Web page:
God signified that He was going to make a “helper comparable to him [Adam]” (Genesis 2:18). The role of helper would be understood as someone who helps the person doing the leading. Paul considered the order of creation of Adam and Eve significant and used it as a reason insisting on male leadership in the church (1 Timothy 2:12–13). Paul affirms male headship in the home in 1 Corinthians 11:9 by reminding readers of Genesis 1, “Nor was man created for the woman, but woman for the man.

The original created roles of husband/leader and wife/helper can also be understood from the curse on Adam and Eve as a result of the Fall. God said to Eve:

I will greatly multiply your sorrow and your conception;
In pain you shall bring forth children;
Your desire shall be for your husband,
And he shall rule you. (Genesis 3:16)

What does it mean that Eve would “desire” her husband? The same grammatical construction is used in Genesis 4:7 when God says to Cain:

If you do well, will you not be accepted? And if you do not do well, sin lies at the door. And its desire is for you, but you should rule over it.

God is saying to Cain that sin will want to rule him (“desire is for you”) but that Cain should rule over sin instead. Applied to Genesis 3:16, Eve will want to rule over Adam (“your desire shall be for your husband”) as a part of the curse. So, if the curse is that Eve would want to rule or lead Adam, then that must not have been Eve’s role before the Fall and she was originally created to be a helper not a leader. Otherwise, it’s not much of a curse—Eve originally led and she’s to keep on leading?! In response to Eve’s wrong desire to lead, Adam would react sinfully by leading harshly instead of lovingly. Eve would desire to reverse roles of leader and helper, and Adam would react by wrongly distorting his leadership role.3

Another important support for the original created roles of husband/leader and wife/helper is found in the attribution of sin to Adam not to Eve. How many times have you heard someone say, “It was all the woman’s (meaning Eve) fault,” or, “We wouldn’t be in this mess (cursed world) if it weren’t for a woman”? I always cringe when I hear statements such as that because they are not biblical!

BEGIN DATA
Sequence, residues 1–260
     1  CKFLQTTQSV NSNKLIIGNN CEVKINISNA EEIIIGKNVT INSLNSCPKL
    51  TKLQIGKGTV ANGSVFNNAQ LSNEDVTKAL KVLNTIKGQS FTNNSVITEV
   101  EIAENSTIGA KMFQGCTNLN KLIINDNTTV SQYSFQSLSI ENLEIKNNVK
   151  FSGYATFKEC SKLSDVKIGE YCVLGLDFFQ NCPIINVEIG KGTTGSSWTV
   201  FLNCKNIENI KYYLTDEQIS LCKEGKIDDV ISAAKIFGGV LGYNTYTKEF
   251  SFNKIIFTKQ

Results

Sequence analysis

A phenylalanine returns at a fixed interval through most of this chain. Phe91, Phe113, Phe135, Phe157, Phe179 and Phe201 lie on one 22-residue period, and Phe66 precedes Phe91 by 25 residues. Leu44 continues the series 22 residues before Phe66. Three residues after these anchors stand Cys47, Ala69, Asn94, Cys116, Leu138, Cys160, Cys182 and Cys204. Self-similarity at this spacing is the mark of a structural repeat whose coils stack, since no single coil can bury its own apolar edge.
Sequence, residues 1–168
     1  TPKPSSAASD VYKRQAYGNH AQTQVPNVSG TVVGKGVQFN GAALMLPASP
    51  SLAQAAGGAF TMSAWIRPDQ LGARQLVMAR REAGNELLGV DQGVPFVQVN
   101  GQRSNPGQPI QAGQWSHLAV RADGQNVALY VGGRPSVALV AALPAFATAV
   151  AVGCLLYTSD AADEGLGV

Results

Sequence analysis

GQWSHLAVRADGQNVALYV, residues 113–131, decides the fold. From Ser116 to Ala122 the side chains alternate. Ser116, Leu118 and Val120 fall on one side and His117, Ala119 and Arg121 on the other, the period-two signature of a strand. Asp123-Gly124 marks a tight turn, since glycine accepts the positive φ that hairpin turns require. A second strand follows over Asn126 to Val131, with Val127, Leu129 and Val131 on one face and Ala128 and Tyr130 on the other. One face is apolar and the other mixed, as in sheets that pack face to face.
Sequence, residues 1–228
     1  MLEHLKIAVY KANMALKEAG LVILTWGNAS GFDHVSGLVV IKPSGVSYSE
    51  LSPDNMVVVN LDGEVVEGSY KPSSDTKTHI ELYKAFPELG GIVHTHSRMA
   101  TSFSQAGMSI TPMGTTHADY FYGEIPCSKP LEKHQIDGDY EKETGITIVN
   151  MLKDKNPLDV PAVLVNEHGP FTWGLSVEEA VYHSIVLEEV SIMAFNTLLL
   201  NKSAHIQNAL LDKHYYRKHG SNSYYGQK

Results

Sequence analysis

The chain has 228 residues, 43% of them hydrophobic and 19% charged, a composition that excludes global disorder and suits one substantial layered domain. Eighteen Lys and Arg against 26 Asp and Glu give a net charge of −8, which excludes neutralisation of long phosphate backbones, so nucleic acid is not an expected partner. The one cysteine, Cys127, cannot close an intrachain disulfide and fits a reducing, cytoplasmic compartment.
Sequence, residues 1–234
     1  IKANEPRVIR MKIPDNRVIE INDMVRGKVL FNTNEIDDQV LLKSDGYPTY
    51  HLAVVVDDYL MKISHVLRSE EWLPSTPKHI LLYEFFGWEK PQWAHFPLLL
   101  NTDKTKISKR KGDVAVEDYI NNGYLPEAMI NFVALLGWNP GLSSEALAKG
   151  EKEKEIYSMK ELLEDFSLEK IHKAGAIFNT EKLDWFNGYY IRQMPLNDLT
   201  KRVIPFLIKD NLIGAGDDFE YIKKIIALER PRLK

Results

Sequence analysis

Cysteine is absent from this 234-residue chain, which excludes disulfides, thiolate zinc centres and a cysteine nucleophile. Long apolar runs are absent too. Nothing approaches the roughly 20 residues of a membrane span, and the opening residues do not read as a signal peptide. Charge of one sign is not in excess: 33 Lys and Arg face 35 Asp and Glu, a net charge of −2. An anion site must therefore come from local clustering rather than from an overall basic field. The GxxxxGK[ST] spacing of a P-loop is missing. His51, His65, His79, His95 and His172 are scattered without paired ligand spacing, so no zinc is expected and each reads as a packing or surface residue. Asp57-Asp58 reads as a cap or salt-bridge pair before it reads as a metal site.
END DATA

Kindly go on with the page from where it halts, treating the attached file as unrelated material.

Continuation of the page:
It is true that Eve was the first one to sin but whom did God question first after Adam and Eve sinned? Adam was questioned first because he was the leader of the family. To whom is sin attributed throughout all of Scripture? Adam (see 1 Corinthians 15:22, 15:45; Romans 5:15). Why? Because as the leader, Adam was responsible for his wife Eve; he shirked that responsibility by following her leading in disobedience to God and eating the forbidden fruit.

Interestingly, when God tells Adam and Eve His plan to redeem mankind (Genesis 3:15), He says the Redeemer will be “her Seed.” So, even though Eve was the first to sin, through her descendants would come mankind’s Redeemer, Jesus Christ. Sin is attributed to Adam (because of his leadership role), and so spreads to all people, men and women. Redemption comes through the offspring of Eve: the Messiah.

Scripture makes it clear, beginning in Genesis, that Adam was created to be the leader, and Eve was created to be the helper in the marriage relationship. Both men and women are equal before God as His image-bearers. But they have different roles in marriage, much like the differing roles yet equality within the Trinity.

Why Do Modern Wives Struggle with This Issue Today?